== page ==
The answer is, “it depends.”
If you buy an NFT, you don’t purchase the artwork itself, but the token that represents it.
Owning the token isn’t the same thing as owning the copyrights of the underlying asset, unless it was specified in the underlying contract.
Copyright specifies what’s allowed and what isn’t, like reproducing and distributing copies of the work. Minting an NFT doesn’t transfer these rights to you automatically, unless some agreement is made between the artist and you.
Agreements used for transferring copyright must be coded in the smart contract or expressed in written terms elsewhere.
The only way you can retain IP (intellectual property) rights is through an explicit agreement signed by the creator of the original artwork. Usually the standard license agreements for owning an NFT are; the rights to use, copy, display, resale, and gift.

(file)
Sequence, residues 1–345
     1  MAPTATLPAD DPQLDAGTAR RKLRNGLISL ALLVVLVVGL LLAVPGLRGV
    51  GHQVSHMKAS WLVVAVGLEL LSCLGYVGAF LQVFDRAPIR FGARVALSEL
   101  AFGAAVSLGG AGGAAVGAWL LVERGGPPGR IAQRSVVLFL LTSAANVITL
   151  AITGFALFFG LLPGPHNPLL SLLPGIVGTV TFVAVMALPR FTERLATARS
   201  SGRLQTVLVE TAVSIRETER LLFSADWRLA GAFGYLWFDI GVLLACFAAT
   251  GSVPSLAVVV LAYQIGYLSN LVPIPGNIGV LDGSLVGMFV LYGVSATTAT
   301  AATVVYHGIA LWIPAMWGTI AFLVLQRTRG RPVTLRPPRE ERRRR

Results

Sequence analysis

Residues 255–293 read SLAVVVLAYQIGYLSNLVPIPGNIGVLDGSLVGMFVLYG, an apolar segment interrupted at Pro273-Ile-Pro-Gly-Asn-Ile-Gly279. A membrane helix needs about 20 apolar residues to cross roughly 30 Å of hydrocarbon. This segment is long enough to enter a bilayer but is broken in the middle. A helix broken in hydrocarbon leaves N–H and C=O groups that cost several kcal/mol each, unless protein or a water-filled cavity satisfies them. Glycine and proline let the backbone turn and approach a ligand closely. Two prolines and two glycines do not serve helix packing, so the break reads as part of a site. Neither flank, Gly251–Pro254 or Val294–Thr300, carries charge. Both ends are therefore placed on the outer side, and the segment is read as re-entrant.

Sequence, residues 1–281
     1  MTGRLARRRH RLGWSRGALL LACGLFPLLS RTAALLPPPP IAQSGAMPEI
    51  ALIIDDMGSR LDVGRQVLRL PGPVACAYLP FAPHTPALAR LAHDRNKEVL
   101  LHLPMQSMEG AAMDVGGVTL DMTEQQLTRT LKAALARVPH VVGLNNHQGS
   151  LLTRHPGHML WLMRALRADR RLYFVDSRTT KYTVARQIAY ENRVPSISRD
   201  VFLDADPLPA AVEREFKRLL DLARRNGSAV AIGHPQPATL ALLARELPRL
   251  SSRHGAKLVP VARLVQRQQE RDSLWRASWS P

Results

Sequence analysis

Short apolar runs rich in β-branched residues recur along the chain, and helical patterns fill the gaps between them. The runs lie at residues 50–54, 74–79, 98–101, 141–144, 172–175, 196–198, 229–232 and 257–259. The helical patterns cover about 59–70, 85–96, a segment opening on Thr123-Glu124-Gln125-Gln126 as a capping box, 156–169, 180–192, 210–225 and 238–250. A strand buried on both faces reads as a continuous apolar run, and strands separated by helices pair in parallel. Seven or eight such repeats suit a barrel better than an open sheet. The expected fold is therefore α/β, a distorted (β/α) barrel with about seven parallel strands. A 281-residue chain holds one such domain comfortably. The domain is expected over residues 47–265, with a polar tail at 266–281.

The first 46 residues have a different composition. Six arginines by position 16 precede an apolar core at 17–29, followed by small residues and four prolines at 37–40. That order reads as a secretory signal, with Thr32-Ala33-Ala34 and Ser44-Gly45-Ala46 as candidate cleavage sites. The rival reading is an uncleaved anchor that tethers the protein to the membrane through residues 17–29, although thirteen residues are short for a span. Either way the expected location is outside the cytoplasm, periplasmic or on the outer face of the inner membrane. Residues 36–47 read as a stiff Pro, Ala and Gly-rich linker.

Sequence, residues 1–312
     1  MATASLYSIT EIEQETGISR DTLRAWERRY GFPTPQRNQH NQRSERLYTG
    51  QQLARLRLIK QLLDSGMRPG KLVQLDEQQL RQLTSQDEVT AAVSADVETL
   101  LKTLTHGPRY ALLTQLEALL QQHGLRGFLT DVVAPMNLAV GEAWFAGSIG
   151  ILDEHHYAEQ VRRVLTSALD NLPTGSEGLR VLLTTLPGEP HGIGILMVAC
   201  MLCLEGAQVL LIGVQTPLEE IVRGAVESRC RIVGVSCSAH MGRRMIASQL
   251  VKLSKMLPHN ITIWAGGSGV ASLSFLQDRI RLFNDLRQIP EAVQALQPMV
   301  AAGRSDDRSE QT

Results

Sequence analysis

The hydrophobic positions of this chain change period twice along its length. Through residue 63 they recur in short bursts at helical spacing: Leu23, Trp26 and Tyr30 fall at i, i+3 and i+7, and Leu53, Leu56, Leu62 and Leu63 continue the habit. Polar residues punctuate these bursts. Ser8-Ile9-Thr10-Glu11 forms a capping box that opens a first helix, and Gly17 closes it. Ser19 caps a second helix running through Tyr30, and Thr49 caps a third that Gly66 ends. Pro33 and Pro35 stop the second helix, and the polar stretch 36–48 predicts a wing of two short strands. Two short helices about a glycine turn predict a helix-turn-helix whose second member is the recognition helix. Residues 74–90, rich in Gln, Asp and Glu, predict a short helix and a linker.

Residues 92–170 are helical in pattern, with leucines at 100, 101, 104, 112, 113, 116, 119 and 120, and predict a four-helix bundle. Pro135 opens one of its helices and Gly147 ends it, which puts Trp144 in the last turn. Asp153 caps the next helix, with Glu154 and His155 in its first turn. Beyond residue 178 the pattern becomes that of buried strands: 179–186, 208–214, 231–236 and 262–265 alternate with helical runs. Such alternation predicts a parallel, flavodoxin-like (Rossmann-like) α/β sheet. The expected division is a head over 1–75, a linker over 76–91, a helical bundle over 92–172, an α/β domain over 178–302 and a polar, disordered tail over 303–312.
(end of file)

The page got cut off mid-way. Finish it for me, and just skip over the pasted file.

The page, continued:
Some NFT projects allow commercial use and some not. Like CryptoKitties, owners can use the artwork to commercialize, given they don’t earn more than 100k per year.
Or, like BAYC, owners have commercial usage rights. They can make and sell prints, T-shirts, coffee mugs etc.
In open marketplaces like Opensea and Rarible, artists license the NFTs to you and not to the marketplace. But in marketplaces where only exclusive NFT collections are sold, the marketplace usually owns the NFTs and the IP rights.
In those marketplaces, artists are expected to grant licenses for display, distribution, and for promotional activities.
When an NFT is resold it terminates the former owner’s rights and the current owner of that NFT becomes the new license holder.
Generally, if you own an NFT you have the copyrights to resale and gift the NFT. Don’t assume you can create some artwork and sell them for commercial use. But if your intentions are beyond reselling the NFT, research the platform's license terms and conditions.